About John L. Smith, Jr.
John L. Smith, Jr. is a retired corporate communications manager for a Florida energy company. He is a state certified social sciences instructor and a former board member of the Tampa Bay History Center. His family lineage holds membership numbers with Sons of the American Revolution. Smith is a Vietnam-era veteran and holds honorable discharges from the U.S. Air Force Reserve and the U.S. Army Reserve. He graduated with a BS degree from the University of South Florida in 1989 and received an MBA from the University of Tampa. Listed in the Internet Movie Data Base (IMDb), Smith is an active SAG-AFTRA member, having appeared in many films, television shows, commercials, and corporate training videos. He is currently writing a book about the American Revolution and his historical work has been featured by Knowledge Quest, National Review and Smithsonian Magazine.
What inspired you to start researching and writing about the Revolution?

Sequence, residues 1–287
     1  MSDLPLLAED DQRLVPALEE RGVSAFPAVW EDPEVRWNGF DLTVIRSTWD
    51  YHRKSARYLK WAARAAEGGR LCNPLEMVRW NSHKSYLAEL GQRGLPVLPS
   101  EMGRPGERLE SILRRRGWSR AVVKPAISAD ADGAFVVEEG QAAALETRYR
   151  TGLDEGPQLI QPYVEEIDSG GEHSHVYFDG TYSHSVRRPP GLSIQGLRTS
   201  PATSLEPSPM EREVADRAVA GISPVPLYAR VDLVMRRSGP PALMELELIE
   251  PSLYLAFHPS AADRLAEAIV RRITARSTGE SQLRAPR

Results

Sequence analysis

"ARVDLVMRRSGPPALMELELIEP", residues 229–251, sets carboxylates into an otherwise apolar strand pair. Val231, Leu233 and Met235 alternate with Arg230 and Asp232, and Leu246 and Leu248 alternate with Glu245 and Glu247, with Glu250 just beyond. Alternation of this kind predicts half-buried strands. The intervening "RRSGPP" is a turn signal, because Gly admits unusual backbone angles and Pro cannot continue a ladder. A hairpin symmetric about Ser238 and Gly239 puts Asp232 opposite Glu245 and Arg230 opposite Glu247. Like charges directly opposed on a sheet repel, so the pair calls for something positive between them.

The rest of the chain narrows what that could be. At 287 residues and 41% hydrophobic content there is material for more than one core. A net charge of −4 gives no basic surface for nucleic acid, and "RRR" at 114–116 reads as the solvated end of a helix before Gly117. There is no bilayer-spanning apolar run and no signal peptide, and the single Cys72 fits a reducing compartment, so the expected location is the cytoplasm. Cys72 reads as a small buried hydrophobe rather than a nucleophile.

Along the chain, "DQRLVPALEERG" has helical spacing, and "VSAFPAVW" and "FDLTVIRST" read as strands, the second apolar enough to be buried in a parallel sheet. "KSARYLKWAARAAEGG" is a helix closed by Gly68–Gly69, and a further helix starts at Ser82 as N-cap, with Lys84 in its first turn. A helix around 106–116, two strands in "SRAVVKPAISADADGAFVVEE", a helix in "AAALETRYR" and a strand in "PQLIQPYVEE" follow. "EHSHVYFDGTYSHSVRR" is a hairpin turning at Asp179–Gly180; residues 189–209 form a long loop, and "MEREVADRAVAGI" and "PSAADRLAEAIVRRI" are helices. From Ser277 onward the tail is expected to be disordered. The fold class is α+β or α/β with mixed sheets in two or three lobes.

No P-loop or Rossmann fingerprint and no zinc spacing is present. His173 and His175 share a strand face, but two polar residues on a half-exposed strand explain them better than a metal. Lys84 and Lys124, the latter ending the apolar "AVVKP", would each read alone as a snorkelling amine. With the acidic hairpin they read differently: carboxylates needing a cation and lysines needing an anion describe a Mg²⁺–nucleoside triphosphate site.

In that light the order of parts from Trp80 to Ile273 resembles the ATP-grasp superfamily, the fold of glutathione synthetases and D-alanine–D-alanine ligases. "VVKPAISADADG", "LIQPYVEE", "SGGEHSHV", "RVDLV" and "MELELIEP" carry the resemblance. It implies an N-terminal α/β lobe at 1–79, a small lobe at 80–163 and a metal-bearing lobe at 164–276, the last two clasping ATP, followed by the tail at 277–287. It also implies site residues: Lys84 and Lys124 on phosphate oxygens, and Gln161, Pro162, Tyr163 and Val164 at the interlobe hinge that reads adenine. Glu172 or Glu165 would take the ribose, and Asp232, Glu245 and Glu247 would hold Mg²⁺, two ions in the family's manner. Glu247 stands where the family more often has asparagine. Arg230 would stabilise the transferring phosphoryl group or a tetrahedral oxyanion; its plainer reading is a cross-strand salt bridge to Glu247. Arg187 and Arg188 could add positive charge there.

In the early 1970s, I was living in a redwood canyon near Santa Cruz, California. I could only get two TV channels and one of them was KQED, the public station out of San Francisco. I started watching the Alistair Cooke PBS series called America and I watched it with utter fascination, partly because no other channel was available. But that’s when I started to become hooked on the Revolution.
However, my true American Revolution inspiration for me happened while reading the electric meter at the mountaintop home of Dr. Page Smith (no relation), who had just retired from his history professorship at UCSC.
He was writing a history of the American Revolution, due to be published by Penguin Books for the bicentennial. I asked about it and he invited me out to his “writing office”, which was a wooden building away from the main house. It was filled with books, a Franklin stove and typewriter, and named pet chickens that walked in and out of his open door. He lectured me about the miracle of this country’s founding and how he was trying to capture the “spirit of ’76” in his book.
His two-volume set A New Age Now Begins: A People’s History of the American Revolution was published in 1976 to much acclaim. It can still be found in bookstores. Other than what I see now as Page’s virulent dislike of footnotes or citations, it is still a classic read. His work and enthusiasm started me reading, when I could, in the coming decades on the American Revolution.
What historians or books have most influenced your work? Why?
Other than Page Smith, I had been caught up in the excitement of David McCullough’s works such as 1776 and his HBO/Playtone miniseries John Adams.